Study finds livestock genetically at risk of COVID-19

Study finds livestock genetically at risk of COVID-19

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Multiple livestock species could be at risk of contracting COVID-19, according to genetic study

Multiple livestock species share a genetic risk for contracting the novel coronavirus (COVID-19), according to a new study from the University of California, Davis, but researchers say more work is needed to determine exactly what that risk means for producers.

SARS-CoV-2, the specific virus responsible for causing COVID-19, uses certain receptors on cells to gain entry and eventually cause disease. But multiple species — not just humans — have cellular receptors similar to the entry point preferred by COVID-19, which means dozens of animal species could be susceptible to the virus, according to UC Davis research published in the Proceedings of the National Academy of Sciences.

The UC Davis team behind the study used computers to compare the cells of 410 animal species to those of humans. Depending on the degree of similarity, species were classified according to the likelihood that they could contract COVID-19.

Species with obvious similarities to humans such as chimpanzees and gorillas had the most cellular receptors in common, and therefore the highest risk of contracting COVID-19, according to Joana Damas, a postdoctoral research associate at UC Davis and the lead author on the report. However, there were also some surprises: Deer and dolphins also share a high risk of susceptibility to COVID-19.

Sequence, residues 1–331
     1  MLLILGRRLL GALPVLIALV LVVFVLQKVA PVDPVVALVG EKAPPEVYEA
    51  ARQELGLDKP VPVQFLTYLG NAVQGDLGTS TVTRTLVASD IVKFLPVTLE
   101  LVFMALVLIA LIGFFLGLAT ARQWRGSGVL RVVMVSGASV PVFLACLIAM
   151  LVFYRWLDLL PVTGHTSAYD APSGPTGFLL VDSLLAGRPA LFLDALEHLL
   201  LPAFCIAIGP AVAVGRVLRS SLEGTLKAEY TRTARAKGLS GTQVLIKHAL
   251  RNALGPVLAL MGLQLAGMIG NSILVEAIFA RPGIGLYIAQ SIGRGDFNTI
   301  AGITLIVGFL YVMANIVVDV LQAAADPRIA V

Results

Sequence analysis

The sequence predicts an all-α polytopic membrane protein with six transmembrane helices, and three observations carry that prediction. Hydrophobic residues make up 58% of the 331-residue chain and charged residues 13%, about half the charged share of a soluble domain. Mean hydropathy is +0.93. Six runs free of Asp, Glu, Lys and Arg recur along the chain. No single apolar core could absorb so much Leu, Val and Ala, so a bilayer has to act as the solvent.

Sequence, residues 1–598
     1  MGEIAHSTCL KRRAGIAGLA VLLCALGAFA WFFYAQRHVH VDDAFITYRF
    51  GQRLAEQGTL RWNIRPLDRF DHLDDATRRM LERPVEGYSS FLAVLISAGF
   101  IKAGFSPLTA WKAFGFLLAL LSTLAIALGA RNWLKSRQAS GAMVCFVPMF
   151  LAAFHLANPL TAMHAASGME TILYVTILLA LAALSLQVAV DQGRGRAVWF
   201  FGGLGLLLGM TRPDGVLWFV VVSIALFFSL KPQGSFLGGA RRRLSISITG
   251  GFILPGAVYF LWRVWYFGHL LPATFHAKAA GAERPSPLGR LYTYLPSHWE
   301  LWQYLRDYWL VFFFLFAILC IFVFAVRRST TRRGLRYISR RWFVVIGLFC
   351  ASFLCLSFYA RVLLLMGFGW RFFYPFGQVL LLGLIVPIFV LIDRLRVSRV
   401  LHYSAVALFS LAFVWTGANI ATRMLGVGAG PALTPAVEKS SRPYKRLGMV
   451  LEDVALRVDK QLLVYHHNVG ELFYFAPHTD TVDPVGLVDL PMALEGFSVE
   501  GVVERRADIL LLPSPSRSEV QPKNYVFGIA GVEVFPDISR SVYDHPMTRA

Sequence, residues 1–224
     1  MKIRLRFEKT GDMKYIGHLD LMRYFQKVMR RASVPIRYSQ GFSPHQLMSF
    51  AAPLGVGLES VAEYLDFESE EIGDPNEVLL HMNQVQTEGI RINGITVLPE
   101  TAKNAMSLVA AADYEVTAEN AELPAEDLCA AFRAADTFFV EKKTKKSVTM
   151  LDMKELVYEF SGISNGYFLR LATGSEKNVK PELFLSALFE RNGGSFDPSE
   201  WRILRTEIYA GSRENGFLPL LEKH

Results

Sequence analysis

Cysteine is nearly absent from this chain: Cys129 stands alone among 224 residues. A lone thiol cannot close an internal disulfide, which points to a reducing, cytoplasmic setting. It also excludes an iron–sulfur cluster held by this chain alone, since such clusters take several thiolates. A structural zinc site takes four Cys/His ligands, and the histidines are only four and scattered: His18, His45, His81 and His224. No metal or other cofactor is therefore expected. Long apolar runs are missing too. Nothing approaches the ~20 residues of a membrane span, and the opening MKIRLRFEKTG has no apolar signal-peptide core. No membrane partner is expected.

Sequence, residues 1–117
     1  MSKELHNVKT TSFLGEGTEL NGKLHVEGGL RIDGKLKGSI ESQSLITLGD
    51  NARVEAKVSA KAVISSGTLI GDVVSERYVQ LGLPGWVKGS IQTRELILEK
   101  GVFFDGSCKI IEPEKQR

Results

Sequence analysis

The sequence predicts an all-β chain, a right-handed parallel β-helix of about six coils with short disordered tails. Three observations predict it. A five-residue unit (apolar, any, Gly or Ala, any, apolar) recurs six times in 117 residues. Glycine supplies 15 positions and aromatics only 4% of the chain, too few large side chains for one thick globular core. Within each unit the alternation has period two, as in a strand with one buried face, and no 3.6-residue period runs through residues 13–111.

Several livestock species also made the list, with cattle, sheep and goats all showing a moderate level of risk of developing COVID-19. Pigs appear to have a low risk of susceptibility to the virus, and the risk for chickens is very low, Damas said.

Damas cautioned that the conclusions of the UC Davis report were based on computer models, and need to be backed up with studies of live cells that are currently in process. Cases of COVID-19 have so far been documented in mink, cats, dogs, hamsters, lions and tigers.

“We don’t want to spread panic around, because these are just computer-based predictions,” Damas said. “The main takeaway was there is a broad range of species predicted to have some risk of infection, and it’s important to monitor some of them just to be sure we don’t get any spillover from humans to those species.”

The study will also help researchers prioritize which species to study as they search for a possible origin of the virus. SARS-CoV-2 is believed to have originated in bats, Damas said, but scientists also believe it passed through an unknown intermediate host before it spread to humans.

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